Monteraine decided to hurt her if she got the opportunity. She was getting rather tired of talking at a door. “Enough inane questions. Take me to the heart already!” she demanded. “The Master will be expecting my report the moment he returns!”

“Gulba, start cranking,” the orc ordered after a moment of silence.

“Damn, why me? You are stronger than me!” the elven woman answered.

“Exactly!” the orc replied in a tone that left no doubt that she was grinning. “Get to work!”

Judging from the declining volume of the elf woman's curses, she was moving away. A moment later, the portcullis started to rise at an agonisingly low pace.

Monteraine waited, her apprehension rising along with the gate. Her thoughts were returning again and again to her job interview an hour ago. She had managed to fast-talk herself out of trouble, but that had been more luck than planning. She lacked vital information about Mercury's quirks and pet issues. How was she supposed to lie convincingly when she didn't know what she needed to lie about in the first place? Damn it, the gate was already open.

Monteraine stepped forward, hoping desperately she wouldn’t run into any talkative acquaintances. They might say things that didn’t mesh with her somewhat misleading presentation of her situation under Morrigan.



Ami hid behind Monteraine’s neck from the four orcs escorting the sorceress deeper into the dungeon. With every jostling step, her paws threatened to come loose from the strap of the woman’s dress, and the hair tickling Ami’s nose made her want to sneeze. She suppressed the urge and kept very still, watching her environment. Through the curtain of Monteraine’s long black hair, she caught glimpses of wide, artless pillars tinted orange by the light from fire pits and coal-filled pots.

“So, Monty, Julur has been rifling through your stuff while you were gone,” one of the orcs said.

Ami peered at the speaker. The pinkish creature was wearing an outfit that resembled Monteraine's, made of loose strips of black cloth, but it failed to cover her chest. Perhaps she didn't see much use for modesty because Morrigan hired almost exclusively female minions? Curious about the differences between orc and human anatomy, Ami took a closer look. What she saw reminded her of an obese human male torso, but more leathery and pinker. She quickly averted her gaze from the unpleasant sight. Morrigan had some decidedly odd tastes if he forced everyone to dress up like that.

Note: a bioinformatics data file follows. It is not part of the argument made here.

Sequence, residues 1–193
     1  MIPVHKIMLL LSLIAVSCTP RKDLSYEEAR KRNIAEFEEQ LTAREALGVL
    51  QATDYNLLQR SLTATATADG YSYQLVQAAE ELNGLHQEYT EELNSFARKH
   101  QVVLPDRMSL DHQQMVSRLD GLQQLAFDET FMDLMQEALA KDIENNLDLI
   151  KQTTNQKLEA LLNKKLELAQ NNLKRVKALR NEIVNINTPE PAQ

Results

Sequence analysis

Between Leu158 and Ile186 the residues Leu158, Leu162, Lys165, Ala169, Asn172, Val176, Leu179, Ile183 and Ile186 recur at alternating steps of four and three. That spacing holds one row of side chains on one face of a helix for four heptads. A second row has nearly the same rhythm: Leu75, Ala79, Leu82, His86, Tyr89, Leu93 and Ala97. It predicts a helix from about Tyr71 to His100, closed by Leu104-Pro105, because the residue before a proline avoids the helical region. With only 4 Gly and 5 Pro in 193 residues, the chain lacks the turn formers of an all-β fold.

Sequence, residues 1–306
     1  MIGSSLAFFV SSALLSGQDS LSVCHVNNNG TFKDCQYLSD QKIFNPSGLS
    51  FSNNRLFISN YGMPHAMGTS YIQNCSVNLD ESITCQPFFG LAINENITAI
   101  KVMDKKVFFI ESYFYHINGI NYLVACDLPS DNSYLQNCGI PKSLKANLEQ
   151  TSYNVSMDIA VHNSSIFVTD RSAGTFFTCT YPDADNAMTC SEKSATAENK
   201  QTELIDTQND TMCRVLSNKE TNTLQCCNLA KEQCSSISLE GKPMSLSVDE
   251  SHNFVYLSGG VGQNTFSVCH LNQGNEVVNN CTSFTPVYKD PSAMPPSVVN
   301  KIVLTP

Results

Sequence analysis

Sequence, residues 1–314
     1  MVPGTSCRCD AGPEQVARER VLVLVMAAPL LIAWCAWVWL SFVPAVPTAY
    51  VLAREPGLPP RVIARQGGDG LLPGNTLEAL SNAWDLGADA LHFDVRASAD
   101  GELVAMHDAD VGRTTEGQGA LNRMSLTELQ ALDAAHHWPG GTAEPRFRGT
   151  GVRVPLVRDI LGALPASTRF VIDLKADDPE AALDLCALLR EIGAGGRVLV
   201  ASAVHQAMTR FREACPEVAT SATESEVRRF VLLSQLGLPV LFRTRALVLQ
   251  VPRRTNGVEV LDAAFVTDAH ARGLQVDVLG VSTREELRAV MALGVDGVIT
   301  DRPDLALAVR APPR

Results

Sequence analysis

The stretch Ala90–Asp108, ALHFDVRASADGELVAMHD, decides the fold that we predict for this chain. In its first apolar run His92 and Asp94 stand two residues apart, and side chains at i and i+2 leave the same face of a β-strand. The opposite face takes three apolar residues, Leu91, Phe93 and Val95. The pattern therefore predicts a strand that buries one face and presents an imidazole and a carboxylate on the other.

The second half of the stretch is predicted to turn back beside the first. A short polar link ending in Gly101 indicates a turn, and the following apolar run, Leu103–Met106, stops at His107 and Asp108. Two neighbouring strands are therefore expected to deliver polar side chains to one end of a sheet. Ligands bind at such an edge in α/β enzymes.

“I don't care. That moron isn't bright enough to do anything with it,” Monteraine grumbled, frowning and keeping her gaze straight ahead.

The orc grinned and added in a teasing voice “That so? He's been crowing about how he's finally going to have your job now that he has proof-” She made a wet gurgling noise, and her white mane shook as she coughed violently, trying to clear her throat. She stopped, droplets of greenish froth shooting from her mouth. They splattered on the floor, adding the smell of vomit to the ambient aroma of sweat and burning coal.

Monteraine let the hand raised in the coughing woman's direction drop. ”Lirne, If I wanted to hear more about someone who doesn't concern me, then I would ask. Now kindly shut up, I have important issues to think about.”

The orc wiped her lips clean and glowered. “Fuck you! I hope the Master fires you anyway for screwing up again!”

Pressed up against the sorceress' carotid, Ami could feel the woman's pulse rate spike. Her calm, superior demeanour was only a mask, then. The deception was working on the orcs, though, as they were keeping a greater distance from Monteraine. Ami was a little impressed herself. She would be hard-pressed to cast a debilitating spell that quickly even with the dungeon heart backing her up. Whatever Monteraine was hiding from Morrigan, it certainly wasn't a lack of skill. It was too bad that the orcs seemed too intimidated to continue chatting.

As the small group moved on in uneasy silence, Ami had nothing to distract herself from paying attention to her surroundings. She almost fell from Monteraine's shoulder when she spotted a crude statue - both in craftsmanship and motif. It depicted the entwined bodies of an elf and a bile demon, both unclothed. Even that short glimpse made Ami doubt that the depraved activity they were engaged in was anatomically possible, enjoyable, or even survivable.